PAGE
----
The Boring Company
Elon Musk tweeted that he has received "verbal agreement" to build a super-fast, 29-minute "hyper loop" taking passengers from New York to Washington, D.C. Traveling within an airless tube, passengers could disembark or get on along the way in Baltimore and Philadelphia.
There were no further immediate details, and no confirmation from any officials along the route. But, should such a system be built, it would out-perform any type of current travel options in the East.
The bottom line: The idea still seems outlandish from almost every vantage point — technology, land acquisition, expense, and so on. Yet, given Musk's foray into space and his formidable electric car company, we have learned not to underestimate Musk. He even has a rival: On July 13, a company called Hyperloop One conducted a slow test of its technology on a Nevada track and is currently looking at 11 serious proposals for where to build a working model, with the idea of reducing the number to three.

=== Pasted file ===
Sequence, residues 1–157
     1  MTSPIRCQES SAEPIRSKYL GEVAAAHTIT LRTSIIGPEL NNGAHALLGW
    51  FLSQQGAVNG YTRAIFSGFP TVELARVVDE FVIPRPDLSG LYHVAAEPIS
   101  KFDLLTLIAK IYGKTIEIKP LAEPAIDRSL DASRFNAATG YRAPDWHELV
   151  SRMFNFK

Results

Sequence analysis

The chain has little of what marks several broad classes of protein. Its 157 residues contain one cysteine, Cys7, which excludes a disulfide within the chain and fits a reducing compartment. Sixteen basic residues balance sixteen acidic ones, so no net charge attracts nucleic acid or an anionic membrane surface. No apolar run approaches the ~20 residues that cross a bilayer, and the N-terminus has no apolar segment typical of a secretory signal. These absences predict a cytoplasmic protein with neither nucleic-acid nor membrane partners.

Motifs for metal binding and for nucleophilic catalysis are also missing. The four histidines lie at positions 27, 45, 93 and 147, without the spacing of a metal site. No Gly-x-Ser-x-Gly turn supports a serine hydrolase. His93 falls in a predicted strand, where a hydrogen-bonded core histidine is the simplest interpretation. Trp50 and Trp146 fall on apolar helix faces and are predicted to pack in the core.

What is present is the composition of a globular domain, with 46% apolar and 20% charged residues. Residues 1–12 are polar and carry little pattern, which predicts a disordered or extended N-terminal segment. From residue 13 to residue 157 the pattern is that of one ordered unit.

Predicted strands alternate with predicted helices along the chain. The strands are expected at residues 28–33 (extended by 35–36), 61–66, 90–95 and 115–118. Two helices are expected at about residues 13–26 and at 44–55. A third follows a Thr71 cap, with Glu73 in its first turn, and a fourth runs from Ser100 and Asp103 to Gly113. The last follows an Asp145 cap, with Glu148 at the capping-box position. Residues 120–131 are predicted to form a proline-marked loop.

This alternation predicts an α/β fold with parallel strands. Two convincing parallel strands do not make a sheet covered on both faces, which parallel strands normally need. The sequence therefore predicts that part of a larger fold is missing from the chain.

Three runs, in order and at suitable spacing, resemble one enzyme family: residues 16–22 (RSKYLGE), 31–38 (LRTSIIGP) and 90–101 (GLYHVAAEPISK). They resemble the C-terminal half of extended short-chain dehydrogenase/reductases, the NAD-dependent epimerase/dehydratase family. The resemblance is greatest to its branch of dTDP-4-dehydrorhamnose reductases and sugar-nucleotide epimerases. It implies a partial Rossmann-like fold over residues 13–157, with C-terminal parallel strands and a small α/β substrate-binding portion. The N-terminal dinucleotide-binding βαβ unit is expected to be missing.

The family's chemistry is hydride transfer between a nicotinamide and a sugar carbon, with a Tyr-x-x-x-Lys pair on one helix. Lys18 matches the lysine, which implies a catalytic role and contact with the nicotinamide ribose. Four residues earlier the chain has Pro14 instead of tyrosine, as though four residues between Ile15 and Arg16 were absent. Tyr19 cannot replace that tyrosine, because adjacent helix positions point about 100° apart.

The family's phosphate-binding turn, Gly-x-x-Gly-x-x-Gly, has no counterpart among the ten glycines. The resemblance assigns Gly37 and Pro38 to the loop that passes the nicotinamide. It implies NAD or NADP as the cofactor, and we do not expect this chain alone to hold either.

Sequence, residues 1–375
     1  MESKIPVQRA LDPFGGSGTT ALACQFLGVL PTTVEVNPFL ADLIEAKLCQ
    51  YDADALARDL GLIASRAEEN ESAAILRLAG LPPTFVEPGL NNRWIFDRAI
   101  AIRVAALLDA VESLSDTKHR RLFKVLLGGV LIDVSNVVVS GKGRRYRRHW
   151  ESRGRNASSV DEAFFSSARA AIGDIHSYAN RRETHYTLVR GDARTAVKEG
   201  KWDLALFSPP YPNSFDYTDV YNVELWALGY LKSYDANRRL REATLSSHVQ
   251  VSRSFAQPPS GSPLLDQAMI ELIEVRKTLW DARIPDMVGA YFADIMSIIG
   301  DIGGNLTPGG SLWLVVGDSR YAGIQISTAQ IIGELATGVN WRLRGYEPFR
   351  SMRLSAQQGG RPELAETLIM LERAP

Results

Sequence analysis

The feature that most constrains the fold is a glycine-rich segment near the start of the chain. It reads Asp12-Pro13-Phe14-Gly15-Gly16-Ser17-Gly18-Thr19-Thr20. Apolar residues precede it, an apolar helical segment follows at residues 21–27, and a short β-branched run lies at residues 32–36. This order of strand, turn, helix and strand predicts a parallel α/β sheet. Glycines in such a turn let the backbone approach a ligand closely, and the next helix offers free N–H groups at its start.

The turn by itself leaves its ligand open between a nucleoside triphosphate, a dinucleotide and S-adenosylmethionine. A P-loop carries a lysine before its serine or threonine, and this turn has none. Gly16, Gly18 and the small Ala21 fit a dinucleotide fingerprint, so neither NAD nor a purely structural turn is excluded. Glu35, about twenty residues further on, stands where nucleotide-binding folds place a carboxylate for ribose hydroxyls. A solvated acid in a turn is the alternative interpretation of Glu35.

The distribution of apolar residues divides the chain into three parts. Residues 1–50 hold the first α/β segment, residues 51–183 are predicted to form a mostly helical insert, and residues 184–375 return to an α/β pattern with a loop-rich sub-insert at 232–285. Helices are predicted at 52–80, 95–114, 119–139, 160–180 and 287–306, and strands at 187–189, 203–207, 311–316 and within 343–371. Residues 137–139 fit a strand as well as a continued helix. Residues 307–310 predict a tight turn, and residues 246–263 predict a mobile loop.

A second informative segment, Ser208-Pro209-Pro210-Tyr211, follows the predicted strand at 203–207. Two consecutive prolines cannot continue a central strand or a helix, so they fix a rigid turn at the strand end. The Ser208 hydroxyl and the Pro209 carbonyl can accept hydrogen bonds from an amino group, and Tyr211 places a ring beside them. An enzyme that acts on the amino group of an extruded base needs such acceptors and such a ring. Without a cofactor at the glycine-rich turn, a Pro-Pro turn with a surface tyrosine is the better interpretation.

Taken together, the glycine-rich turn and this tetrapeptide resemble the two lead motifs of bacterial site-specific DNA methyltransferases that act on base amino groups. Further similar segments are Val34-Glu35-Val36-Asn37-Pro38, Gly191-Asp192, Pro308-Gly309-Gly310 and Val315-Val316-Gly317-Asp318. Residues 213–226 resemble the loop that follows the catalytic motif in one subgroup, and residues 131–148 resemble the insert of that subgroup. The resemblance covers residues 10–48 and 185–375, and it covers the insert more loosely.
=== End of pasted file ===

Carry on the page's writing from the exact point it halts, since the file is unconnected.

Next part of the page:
Go deeper: The idea for a hyper loop seemed fantastical when, back in 2013, Musk first proposed such a transportation system from San Francisco to Los Angeles. But since then, his Boring Company says he has completed the first section of the Los Angeles portion, and the notion has taken fire, with proposals for such loops from Chicago to Pittsburgh, Cheyenne, Wyoming, to Pueblo, Colorado — 2,600 proposals in all, according to one count.